Filin, Fedot

Filin, Fedot [Филин, Федот], b 7 March 1908 in Selino, Tula gubernia, Russia, d 6 May 1982 in Moscow. A Soviet Russian linguist specializing in Slavic linguistics. Filin was a supporter of Nikolai Marr’s theories until their prohibition; subsequently he became a leading figure among orthodox ‘Marxist’ linguists, opposing structuralism, generative linguistics, and, on the whole, most modern Western linguistics. In 1968 Filin became director of the Institute of the Russian Language at the Academy of Sciences of the USSR and, in 1971, editor of the journal Voprosy iazykoznaniia. Filin actively promoted the Russification of the national languages of the USSR. His works pertaining to the Ukrainian language include Leksika russkogo literaturnogo iazyka drevnekievskoi epokhi (The Vocabulary of the Russian Literary Language of the Ancient Kyivan Epoch, 1949), Obrazovanie iazyka vostochnykh slavian (The Formation of the Language of the Eastern Slavs, 1962), and Proiskhozhdenie russkogo, ukrainskogo i belorusskogo iazykov (The Origin of the Russian, Ukrainian, and Belorussian Languages, 1972); among the symposia edited by Filin are Voprosy istoricheskoi leksikologii i leksikografii vostochnoslavianskikh iazykov (Questions of Historical Lexicology and Lexicography of the Eastern Slavic Languages, 1974) and Aktual'nye problemy istoricheskoi leksikologii vostochnoslavianskikh iazykov (Topical Problems in the Historical Lexicology of the Eastern Slavic Languages, 1975). In his historical works he defended the theory of the Common Russian language and the long-lasting Eastern Slavic unity, but stressed local differences as dialectal ones.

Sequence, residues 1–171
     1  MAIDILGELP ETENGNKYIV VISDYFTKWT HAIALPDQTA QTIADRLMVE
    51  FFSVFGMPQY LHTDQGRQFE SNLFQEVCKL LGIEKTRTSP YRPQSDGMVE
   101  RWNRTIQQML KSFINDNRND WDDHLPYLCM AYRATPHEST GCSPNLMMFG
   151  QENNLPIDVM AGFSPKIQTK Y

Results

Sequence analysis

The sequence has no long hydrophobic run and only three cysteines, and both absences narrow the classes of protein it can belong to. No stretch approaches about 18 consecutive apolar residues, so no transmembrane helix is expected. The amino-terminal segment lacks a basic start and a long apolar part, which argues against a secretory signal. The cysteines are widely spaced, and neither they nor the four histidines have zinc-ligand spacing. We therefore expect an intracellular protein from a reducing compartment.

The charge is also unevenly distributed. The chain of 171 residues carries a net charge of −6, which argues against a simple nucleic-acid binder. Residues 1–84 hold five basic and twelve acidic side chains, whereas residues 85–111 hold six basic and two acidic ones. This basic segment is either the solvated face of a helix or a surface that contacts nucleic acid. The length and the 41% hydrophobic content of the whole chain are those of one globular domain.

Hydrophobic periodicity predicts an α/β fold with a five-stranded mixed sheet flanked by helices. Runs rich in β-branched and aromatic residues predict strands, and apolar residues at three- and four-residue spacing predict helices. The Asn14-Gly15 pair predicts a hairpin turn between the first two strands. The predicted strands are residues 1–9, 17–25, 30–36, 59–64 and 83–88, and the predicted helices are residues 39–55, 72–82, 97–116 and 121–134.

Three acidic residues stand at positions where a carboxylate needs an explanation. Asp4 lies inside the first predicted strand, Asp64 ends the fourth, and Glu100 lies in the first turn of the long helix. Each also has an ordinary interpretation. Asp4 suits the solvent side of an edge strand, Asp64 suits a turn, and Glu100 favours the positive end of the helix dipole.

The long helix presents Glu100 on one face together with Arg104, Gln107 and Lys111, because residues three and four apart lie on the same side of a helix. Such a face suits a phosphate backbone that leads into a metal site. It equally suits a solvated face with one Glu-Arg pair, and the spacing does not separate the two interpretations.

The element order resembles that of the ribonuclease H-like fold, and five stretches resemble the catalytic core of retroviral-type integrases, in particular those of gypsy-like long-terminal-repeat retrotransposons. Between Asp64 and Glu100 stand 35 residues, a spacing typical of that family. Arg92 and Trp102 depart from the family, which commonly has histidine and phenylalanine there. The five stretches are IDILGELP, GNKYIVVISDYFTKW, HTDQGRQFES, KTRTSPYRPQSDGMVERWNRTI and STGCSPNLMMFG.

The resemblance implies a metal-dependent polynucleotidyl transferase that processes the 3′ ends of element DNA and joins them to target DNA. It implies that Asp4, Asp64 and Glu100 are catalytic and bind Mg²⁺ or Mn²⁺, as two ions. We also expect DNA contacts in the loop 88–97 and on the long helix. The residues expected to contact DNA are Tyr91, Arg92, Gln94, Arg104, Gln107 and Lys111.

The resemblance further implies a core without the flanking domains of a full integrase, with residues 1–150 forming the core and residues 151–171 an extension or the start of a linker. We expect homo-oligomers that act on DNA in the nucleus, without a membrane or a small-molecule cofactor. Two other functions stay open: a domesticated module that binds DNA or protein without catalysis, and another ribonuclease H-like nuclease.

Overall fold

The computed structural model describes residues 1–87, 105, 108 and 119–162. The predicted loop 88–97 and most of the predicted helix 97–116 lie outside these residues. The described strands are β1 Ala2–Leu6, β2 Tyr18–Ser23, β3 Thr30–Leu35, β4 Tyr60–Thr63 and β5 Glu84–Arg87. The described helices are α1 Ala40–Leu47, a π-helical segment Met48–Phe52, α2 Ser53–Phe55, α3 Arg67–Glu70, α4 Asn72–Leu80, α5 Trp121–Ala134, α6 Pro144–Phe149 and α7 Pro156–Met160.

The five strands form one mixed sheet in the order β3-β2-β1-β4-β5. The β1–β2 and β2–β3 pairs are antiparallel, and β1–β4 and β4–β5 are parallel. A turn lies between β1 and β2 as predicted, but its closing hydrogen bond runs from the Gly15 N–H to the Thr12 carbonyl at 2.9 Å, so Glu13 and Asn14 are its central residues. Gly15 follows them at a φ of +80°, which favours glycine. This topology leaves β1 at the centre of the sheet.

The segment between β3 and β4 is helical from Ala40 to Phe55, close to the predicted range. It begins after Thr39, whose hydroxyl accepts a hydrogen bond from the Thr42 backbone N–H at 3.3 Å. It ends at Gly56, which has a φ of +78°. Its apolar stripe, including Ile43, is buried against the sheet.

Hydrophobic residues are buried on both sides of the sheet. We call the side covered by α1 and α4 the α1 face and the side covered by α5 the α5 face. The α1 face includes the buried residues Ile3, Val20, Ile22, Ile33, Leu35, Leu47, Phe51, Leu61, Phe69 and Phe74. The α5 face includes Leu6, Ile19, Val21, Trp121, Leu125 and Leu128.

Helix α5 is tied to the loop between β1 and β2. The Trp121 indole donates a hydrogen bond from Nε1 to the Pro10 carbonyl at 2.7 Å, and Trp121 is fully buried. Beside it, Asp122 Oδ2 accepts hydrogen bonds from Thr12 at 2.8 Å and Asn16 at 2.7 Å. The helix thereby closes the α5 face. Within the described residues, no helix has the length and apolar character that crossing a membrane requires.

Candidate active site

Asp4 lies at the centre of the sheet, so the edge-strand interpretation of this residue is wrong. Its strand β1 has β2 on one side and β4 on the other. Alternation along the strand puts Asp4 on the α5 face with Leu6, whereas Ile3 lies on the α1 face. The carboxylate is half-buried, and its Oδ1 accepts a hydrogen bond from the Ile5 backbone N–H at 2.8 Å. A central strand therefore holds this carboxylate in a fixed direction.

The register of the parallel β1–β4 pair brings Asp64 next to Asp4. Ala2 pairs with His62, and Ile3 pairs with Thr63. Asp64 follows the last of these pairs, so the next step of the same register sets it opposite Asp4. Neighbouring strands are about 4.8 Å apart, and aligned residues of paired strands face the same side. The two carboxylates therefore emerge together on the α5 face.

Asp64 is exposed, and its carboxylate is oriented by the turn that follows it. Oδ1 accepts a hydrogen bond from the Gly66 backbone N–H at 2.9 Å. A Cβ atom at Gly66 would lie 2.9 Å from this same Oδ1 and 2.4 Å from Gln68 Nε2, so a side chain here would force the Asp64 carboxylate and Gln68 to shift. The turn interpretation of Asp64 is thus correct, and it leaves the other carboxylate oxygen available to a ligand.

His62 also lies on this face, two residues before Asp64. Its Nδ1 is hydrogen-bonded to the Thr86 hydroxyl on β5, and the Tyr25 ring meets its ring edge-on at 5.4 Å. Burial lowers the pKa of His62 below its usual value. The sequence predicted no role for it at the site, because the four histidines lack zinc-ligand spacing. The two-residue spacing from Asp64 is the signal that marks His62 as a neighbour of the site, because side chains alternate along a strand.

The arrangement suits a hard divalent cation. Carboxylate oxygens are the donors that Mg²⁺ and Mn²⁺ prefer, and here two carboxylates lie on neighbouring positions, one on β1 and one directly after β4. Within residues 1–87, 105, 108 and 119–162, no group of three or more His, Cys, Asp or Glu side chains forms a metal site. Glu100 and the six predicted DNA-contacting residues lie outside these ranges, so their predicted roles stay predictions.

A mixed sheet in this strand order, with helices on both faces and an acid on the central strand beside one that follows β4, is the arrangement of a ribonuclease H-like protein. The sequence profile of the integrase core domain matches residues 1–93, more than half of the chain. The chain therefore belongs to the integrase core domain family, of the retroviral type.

[This article originally appeared in the Encyclopedia of Ukraine, vol. 1 (1984).]

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